After a short time, the beam broke.
At this very moment, “John,” the director of a community theater company housed in the downstairs section of the building came upstairs to use the restroom. He later recounted that he’d heard a strange sound and went looking for its source. That is when he found me on the floor, face down and unconscious, my eyes wide open. He panicked, thinking I was dead.
In my later research, I discovered that what John had heard was the “death rattle,” the sound the breath makes right before a person expires.
John called 9-1-1 services, who were on the scene immediately. Paramedics resuscitated me, then rushed me to the ER. I ended up in the ICU, where my sisters came to identify me. From there I was volleyed by ambulance from one hospital to another until they found a bed for me at Pembroke Hospital, an inpatient psychiatric facility.
I later heard from the Pembroke nurses that when I arrived, I was belligerent, yelling that I didn’t belong there, and difficult to calm down.
I remained at Pembroke for six weeks. I recall nothing of the first four weeks. My therapist later explained that I had likely experienced “localized dissociative amnesia,” the brain’s protective response to major trauma. When I asked friends and family members who had come to visit, they reported that they all had, and that I was functional and responsive even though my memory did not retain anything.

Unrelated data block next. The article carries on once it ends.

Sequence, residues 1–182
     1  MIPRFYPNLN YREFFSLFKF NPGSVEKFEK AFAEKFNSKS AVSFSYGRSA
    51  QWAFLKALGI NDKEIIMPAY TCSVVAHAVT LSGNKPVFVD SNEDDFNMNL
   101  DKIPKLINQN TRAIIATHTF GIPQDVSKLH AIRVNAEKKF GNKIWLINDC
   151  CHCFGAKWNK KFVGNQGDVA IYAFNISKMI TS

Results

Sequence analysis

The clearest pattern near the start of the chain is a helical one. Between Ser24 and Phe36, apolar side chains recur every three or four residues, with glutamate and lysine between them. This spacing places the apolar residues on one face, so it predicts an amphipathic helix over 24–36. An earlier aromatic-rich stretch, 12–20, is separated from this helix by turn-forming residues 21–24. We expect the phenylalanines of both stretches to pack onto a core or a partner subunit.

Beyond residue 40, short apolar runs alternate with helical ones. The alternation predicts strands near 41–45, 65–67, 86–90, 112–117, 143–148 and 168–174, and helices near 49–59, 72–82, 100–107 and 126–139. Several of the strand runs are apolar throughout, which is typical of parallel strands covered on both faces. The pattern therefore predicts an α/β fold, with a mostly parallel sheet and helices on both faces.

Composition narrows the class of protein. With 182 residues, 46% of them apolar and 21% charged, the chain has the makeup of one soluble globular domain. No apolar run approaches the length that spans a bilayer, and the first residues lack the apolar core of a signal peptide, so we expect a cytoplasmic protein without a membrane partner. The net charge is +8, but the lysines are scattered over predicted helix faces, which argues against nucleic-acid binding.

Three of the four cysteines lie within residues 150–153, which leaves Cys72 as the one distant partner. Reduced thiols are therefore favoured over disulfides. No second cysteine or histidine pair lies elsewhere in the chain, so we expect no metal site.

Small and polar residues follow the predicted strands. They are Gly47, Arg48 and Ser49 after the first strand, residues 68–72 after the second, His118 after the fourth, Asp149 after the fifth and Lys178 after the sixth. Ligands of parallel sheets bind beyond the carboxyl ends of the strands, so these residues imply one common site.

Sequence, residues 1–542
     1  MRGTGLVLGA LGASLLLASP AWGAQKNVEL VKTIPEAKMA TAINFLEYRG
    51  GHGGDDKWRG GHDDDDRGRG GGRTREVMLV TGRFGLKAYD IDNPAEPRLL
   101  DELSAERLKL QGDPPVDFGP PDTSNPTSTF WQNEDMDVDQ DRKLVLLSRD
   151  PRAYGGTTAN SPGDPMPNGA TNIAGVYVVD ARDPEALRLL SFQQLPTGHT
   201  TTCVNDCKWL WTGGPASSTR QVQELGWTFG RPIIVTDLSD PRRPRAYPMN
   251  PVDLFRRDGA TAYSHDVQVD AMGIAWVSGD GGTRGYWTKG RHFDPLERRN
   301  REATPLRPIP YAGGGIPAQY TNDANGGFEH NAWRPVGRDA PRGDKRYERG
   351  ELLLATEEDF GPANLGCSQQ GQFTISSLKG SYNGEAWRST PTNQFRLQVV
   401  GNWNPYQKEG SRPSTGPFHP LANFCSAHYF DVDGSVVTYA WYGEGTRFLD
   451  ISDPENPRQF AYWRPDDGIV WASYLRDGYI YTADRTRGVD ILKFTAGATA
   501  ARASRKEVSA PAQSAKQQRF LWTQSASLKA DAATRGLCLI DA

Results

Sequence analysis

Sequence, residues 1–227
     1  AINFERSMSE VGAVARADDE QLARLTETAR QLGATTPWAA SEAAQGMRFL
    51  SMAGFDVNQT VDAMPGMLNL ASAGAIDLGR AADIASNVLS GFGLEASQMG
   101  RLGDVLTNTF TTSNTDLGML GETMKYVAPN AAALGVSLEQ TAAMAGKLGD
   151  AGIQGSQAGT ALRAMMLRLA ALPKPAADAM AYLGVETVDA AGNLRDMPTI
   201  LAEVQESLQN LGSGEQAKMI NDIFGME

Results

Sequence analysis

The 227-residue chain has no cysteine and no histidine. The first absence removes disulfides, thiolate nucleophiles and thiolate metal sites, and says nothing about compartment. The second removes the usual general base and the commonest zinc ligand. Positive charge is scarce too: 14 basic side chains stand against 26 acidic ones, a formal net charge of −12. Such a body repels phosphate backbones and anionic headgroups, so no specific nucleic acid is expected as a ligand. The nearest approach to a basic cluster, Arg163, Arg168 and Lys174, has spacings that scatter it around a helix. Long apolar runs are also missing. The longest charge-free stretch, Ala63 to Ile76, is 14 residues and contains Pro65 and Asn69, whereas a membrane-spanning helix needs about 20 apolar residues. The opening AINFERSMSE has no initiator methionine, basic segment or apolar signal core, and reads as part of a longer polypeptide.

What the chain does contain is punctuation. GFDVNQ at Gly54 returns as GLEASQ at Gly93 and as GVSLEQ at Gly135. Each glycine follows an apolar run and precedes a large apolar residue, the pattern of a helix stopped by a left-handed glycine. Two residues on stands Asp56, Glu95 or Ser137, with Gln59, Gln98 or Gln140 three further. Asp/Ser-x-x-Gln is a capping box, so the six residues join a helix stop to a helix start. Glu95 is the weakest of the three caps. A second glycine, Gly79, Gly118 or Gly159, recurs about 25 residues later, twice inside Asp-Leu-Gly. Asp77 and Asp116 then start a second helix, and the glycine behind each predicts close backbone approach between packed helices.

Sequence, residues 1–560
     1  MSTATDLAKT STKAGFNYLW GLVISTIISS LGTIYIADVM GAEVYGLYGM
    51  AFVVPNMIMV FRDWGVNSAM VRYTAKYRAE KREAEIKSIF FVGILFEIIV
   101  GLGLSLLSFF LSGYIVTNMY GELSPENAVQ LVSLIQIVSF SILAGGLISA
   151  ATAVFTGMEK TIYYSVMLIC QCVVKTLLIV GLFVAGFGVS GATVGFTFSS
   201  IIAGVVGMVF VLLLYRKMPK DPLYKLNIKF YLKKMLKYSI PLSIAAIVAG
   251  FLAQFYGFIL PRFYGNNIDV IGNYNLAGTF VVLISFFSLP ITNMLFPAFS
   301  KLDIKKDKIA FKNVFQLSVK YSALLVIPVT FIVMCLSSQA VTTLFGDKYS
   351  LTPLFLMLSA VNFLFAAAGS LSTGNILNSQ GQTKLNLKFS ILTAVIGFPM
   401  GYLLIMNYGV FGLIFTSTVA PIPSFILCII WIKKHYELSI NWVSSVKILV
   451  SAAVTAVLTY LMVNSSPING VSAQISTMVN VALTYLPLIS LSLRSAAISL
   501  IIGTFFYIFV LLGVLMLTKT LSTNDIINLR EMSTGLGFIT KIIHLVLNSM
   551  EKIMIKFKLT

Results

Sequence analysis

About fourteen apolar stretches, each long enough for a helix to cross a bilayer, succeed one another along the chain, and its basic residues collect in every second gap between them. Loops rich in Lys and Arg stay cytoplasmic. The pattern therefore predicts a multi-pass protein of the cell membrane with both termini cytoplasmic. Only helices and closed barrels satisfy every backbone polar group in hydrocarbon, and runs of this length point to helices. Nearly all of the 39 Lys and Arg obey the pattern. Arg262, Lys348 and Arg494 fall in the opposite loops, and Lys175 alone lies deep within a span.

At Pembroke, my medications were changed. I was put on Effexor and a sedative for sleep. I also received three ECT treatments per week. Slowly, I started to feel my brain come back again. Perhaps it was because I was taking significantly fewer drugs, but I think I owe much of my improvement to my strong survival instinct, aided by my 20-plus years of meditation practice. Somehow, I was able to open a mental window back into my keen sense of inner knowing.
The day I was finally released I was functional. I didn’t feel incapacitated by that same dark, ruminating, depressed presence anymore. I felt fragile and vulnerable, but also mentally stronger and in control.
Slowly, I got back into my life. I had just a few sessions with the therapist. Then my insurance changed—an easy out. I also simply stopped going to see Jean, my psychiatrist.
Jean called several times, strongly urging me to come back. When I did make it to the last couple of appointments, she encouraged me to go on food stamps, which I did for a short time. I also recall her telling me it would be a good idea for me to go on disability insurance.
When she brought up disability insurance, it was like a lightbulb went on in my head. Everything was now crystal clear: Jean perceived me as hopelessly mentally ill, convinced there was no chance I could return to my life as a normal, functioning member of society. It felt that, from her perspective, I was marked forever.